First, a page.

There was a good discussion of using the Gravity Traction deflection technique (which is similar to what we’re discussing) on the NasaSpaceFlight forums a few weeks ago. Although the thread has since been deleted, in summary it concluded that the only situation in which Gravity Traction deflection would be the best solution (and more efficient that just pushing the asteroid) is when the asteroid consist of multiple smaller bodies (boulders) that wouldn’t have the cohesion to be pushed.

So in that case, where the asteroid is nothing but boulders, it’s quite possible that picking and throwing each one individually might be a good solution.

However, the significant metric in asteroid deflection (and in fact all orbits) is velocity. So the best solution for solid asteroids would be to use the propellant we have on board to push the asteroid like the full redirect Option A.

We might not need the fuel load of Option A to deflect the asteroid, after all we aren’t looking for a stable lunar orbit like the full Option A; we just want a few millimeters/sec of Δv to push it out of the way of Earth.

I can't find any Δv numbers of the ARM Option B missions, but if you can find them it would be relatively easy to estimate whether Option B would have sufficient Δv to deflect your 1,000,000 ton asteroid enough to miss Earth.

$\endgroup$
  • 1
    $\begingroup$ Could it be useful to accelerate the boulder and smash it into the asteroid? I see now that "Opportunity for kinetic impactor" is mentioned on page 22 of the SBAG link in the question. $\endgroup$ – LocalFluff Dec 1 '14 at 14:52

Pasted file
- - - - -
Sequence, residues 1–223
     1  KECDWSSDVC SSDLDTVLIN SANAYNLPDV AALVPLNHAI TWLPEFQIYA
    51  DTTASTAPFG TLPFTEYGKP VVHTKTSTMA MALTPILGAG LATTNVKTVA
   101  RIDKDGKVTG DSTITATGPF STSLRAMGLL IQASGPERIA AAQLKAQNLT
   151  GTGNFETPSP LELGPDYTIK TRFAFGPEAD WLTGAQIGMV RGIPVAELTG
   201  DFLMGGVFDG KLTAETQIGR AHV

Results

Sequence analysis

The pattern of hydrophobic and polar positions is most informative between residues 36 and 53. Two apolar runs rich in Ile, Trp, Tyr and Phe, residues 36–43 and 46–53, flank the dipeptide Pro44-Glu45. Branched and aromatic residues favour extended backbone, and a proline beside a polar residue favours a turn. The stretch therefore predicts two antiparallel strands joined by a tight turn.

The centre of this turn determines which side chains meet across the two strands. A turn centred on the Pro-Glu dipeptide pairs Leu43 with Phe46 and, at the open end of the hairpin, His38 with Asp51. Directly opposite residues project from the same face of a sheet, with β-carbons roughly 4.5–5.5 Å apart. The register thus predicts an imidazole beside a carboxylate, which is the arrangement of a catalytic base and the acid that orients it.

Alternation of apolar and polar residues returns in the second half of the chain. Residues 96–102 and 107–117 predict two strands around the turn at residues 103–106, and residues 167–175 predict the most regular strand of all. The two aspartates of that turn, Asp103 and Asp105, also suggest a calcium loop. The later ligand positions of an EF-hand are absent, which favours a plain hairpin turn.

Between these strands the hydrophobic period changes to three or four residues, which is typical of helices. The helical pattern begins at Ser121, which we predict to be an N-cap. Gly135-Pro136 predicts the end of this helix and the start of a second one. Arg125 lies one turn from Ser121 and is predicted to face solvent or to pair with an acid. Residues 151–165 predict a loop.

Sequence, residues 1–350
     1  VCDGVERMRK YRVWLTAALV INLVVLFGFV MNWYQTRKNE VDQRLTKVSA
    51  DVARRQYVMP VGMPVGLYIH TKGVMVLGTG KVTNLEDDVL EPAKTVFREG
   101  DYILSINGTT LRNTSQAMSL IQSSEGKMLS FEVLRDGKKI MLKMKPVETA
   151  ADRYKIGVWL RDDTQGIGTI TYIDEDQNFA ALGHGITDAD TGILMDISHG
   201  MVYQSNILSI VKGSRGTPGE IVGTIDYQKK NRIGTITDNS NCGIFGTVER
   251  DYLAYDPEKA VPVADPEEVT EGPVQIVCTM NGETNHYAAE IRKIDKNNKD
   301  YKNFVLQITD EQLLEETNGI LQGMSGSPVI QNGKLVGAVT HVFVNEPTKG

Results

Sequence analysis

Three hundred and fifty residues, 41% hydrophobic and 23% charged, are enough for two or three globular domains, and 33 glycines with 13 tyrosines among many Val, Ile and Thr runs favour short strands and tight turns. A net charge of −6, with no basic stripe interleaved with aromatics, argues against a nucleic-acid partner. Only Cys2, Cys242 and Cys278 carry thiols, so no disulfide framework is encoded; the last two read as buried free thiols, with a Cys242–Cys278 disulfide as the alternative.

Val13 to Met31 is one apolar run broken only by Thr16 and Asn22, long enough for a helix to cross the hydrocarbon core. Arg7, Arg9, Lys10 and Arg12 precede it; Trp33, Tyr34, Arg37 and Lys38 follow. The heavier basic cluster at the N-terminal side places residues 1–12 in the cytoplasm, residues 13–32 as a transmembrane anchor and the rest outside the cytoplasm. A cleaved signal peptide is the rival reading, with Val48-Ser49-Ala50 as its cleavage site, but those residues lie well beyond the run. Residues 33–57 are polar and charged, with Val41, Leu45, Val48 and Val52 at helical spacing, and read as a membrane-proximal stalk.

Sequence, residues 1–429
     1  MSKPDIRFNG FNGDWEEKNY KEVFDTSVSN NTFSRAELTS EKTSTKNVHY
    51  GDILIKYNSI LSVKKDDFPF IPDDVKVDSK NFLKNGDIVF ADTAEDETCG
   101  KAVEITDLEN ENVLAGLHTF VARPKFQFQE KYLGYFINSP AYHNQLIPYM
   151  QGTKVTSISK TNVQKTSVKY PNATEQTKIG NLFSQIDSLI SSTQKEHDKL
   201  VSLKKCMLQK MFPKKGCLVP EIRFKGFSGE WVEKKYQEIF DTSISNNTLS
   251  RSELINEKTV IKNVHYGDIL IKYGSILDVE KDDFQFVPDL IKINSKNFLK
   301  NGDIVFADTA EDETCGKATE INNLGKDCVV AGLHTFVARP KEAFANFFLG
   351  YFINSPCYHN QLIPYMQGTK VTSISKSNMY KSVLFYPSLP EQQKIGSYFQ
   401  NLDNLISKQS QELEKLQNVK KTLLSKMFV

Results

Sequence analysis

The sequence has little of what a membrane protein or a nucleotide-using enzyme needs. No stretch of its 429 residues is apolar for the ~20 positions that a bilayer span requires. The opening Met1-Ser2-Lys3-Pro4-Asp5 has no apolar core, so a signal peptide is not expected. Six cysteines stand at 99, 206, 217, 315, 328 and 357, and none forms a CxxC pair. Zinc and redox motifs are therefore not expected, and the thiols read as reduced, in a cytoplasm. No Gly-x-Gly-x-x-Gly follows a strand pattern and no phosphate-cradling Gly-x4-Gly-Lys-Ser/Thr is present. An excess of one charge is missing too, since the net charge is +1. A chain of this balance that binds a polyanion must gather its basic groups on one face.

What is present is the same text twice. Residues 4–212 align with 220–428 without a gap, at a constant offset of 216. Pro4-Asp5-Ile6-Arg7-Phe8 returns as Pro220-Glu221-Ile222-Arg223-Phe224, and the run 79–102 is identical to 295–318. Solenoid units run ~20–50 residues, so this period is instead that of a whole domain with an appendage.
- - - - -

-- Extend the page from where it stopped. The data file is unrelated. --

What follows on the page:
• 1
    $\begingroup$ So your answer really should start with "No", not with "Yes". Because the usefulness that you describe has to do with pushing the entire asteroid, like ARM Option A, not in any way with picking up boulders from it? ARM Option B has no relevance for planetary defence. And NASA has declared that "ARM is not a science mission". That leaves one wondering what the use is to demonstrate a technology (boulder picking) which has no potential usefulness, but that's another discussion. $\endgroup$ – LocalFluff Dec 1 '14 at 15:58
  • 1
    $\begingroup$ Yes, good point. I was interpreting the question very broadly to include the hardware for Option B, not just the mission profile. Sticking to Option B mission profile as it stands, you’re right, it is completely useless. Just out of interest, do you have a source for that NASA quote? $\endgroup$ – ForgeMonkey Dec 1 '14 at 16:07
  • 1
    $\begingroup$ +1. The Keck report says it'd take about .17 km/s to park 2008 HU4 in lunar orbit. As you say, deflecting an asteroid can take much less delta V than parking it lunar orbit. $\endgroup$ – HopDavid Dec 1 '14 at 16:21
  • 1
    $\begingroup$ @ForgeMonkey Yes, I heard Brian Muirhead at JPL mention it ("not a science mission per se") 58:55 into this Kármán Lecture oct 3, 2014. And googling the phrase I find it on page 31 point 5 in this protocol of the Planetary Sciences Subcommitte and Planetary Science Division Sep 3-4, 2014. I don't know how "official" this should be interpreted. $\endgroup$ – LocalFluff Dec 1 '14 at 16:35

Your Answer

By clicking “Post Your Answer”, you agree to our terms of service, privacy policy and cookie policy

Not the answer you're looking for? Browse other questions tagged or ask your own question.